The Media is capable of balancing Trump's lies and culture war BS and cover other stories of substance like Puerto Rico. They just need better judgement about how much time to devote to each.
June 4, 2018

Jonathan Capehart filled in for Joy Reid today on AM Joy, and his panel had a Come to Jesus discussion about media responsibility in the Age of Trump. There was plenty of discussion about Roseanne Barr, Puerto Rico and the wrenching report that more than 4,500 Americans died there after Hurricane Maria (70 times more than officially reported) and the imbalance in the amount of air time those two stories got.

They re-identified DJT's pattern of pulling a culture war stunt whenever something big happened in the Russian investigation or yet another blatant corruption scheme was exposed about his family. TBS and Amazon were given props for ignoring OrangeAid's attacks. More discussion about why it's hard to know how to handle the volume of lies coming out of the White House, and the balance that needs to be struck between covering that, and other things of import, such as, well, potential nuclear war.

I generally thought the panel and Capehart were great, as usual...Jess McIntosh and Zerlina Maxwell (Former HRC Campaign people) brought the fire, and Eric Boehlert and Gabriel Sherman (both journalists) made superb points. I did do a little eyeroll when Boehlert described it as "fatigue" with the lies when the NYT described one of DJT's recent pardon's as "idiosyncratic."

It's not fatigue, Eric. It's part of a NYT pattern of inability and refusal to call the "president" a liar, and to call out his crap for what it is. Even MSNBC has this problem.

What is most worth watching, though, in this nearly 14-minute roundtable, is the last 4 minutes. Zerlina Maxwell NAILS it when she skewers the media for overdoing the need to manufacture stories about Democrats in order to appear balanced. Boehlert followed up with the truth about the game Republicans have been winning for the last generation or two. Making "liberal" a dirty word.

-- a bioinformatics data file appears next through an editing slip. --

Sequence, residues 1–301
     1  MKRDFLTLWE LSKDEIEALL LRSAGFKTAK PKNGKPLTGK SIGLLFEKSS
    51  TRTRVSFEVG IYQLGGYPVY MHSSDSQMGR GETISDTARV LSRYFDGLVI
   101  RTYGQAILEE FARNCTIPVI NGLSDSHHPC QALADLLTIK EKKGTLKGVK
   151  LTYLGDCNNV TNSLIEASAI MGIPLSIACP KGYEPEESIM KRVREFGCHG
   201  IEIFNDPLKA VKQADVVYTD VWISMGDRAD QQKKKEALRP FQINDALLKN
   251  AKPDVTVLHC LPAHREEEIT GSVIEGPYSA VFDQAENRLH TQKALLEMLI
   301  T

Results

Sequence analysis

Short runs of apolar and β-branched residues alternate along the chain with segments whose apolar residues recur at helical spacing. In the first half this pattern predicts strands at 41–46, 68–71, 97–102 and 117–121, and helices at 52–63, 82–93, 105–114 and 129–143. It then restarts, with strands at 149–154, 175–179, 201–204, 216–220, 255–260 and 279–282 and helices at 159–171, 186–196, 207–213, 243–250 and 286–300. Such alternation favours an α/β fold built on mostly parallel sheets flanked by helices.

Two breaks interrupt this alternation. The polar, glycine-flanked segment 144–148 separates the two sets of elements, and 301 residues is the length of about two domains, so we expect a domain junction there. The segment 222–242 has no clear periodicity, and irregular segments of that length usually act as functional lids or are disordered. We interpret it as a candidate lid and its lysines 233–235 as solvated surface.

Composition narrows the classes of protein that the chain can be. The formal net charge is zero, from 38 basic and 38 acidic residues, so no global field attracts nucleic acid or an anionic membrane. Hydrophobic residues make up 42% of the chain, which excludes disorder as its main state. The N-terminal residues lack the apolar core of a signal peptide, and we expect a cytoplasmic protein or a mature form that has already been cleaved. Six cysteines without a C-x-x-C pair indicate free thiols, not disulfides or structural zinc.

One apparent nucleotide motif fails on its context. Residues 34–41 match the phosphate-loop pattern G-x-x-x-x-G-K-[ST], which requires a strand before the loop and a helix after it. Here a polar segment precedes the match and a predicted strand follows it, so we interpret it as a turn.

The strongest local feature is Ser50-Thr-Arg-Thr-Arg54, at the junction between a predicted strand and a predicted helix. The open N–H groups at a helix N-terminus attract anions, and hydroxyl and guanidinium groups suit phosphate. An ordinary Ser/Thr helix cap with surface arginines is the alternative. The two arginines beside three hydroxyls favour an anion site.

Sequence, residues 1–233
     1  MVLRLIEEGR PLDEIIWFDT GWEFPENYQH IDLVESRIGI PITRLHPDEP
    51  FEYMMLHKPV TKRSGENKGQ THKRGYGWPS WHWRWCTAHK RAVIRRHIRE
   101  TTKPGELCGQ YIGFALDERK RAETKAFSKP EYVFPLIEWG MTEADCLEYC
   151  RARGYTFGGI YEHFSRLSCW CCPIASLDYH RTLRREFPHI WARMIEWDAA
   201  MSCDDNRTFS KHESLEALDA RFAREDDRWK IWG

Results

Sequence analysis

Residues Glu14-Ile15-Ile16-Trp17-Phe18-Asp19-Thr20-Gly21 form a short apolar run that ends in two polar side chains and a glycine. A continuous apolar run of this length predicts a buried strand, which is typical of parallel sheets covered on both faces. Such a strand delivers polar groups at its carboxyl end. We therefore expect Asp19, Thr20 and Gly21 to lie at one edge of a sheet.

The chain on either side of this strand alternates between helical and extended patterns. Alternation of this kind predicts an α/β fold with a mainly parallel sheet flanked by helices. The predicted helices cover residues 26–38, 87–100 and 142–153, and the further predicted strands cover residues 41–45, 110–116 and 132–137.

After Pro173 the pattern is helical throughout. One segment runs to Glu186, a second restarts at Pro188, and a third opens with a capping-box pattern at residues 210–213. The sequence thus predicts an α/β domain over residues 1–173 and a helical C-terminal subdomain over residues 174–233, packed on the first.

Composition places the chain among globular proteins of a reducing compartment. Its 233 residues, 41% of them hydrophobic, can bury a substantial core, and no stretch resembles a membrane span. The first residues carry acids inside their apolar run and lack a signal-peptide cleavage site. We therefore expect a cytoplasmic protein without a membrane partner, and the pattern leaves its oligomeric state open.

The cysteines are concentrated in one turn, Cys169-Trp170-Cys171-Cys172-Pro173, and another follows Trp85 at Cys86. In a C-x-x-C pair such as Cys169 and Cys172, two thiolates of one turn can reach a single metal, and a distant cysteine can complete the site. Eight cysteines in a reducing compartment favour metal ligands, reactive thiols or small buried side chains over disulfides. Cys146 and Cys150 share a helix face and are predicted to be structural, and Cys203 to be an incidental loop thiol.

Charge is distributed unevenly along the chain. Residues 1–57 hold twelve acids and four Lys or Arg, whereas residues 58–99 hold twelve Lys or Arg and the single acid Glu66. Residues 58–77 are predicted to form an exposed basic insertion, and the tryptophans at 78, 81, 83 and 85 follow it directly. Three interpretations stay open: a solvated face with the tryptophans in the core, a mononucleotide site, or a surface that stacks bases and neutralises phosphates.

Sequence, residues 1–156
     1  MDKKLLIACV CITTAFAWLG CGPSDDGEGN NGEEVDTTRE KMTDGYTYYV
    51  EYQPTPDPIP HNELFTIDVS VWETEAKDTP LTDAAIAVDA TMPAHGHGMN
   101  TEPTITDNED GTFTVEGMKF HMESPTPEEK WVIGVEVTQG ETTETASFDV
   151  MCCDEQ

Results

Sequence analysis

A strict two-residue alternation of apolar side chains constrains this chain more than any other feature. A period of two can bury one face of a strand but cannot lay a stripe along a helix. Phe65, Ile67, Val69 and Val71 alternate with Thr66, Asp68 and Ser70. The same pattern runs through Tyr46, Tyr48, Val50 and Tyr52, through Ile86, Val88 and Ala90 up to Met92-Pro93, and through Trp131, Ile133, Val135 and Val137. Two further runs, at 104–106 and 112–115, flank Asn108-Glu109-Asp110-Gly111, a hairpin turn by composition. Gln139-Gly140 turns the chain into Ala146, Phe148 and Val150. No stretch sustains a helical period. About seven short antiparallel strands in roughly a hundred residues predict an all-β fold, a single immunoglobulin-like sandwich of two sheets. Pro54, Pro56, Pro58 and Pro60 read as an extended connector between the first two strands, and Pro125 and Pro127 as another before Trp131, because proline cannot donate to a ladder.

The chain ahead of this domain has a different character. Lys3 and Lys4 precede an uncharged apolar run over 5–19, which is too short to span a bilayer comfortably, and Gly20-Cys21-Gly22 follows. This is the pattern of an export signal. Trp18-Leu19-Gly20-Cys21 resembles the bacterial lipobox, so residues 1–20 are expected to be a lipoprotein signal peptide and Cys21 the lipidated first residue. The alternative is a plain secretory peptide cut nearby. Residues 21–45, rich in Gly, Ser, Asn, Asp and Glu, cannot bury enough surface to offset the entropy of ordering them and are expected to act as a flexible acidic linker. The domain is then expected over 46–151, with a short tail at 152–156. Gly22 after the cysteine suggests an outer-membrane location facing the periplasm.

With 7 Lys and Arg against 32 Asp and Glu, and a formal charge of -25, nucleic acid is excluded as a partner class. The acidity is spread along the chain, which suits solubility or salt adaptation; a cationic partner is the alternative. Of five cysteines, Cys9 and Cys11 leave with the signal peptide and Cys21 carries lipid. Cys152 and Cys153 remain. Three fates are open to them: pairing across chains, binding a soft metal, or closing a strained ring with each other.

Partial transcript below.

MAXWELL: I would also say this. There has to be, you know, a full accounting of the fact that trying to be, quote, objective and fair in a campaign where one side is lying about literally everything and the other side has some, you know, suspicious e-mail practices, Suboptimal e-mail practices, and so doing two days or three days on the latest racist thing Donald Trump said, and then being forced to flip and turn to e-mails for the next 72 hours just to make sure that you appear balanced, that is how we got here. Because both of those stories are not equivalent. Donald Trump calling Mexicans rapists and murderers, calling women fat pigs, attacking Alicia Machado, those are not equivalent to to sub-optimal email practices. And I think now we joke, "But her e-mails." There's dark humor in that joke because we ignored somebody who was completely unqualified to be president just to appear balanced, and we attacked somebody who was qualified and certainly there was substance in the e-mail argument.


MAXWELL: But I wouldn't say they were on the same playing field.

CAPEHART: Compared to what we're talking about now? No. Gabe?

BOEHLERT: I think that's the result of what the right has been doing for a generation, which is to make reporters, including myself, feel guilty about appearing liberal. We're all scared of looking over our shoulder. are we going to get called out by Glenn Beck or Rush Limbaugh. that has a chilling effect. You look for other stories to give the appearance of balance.

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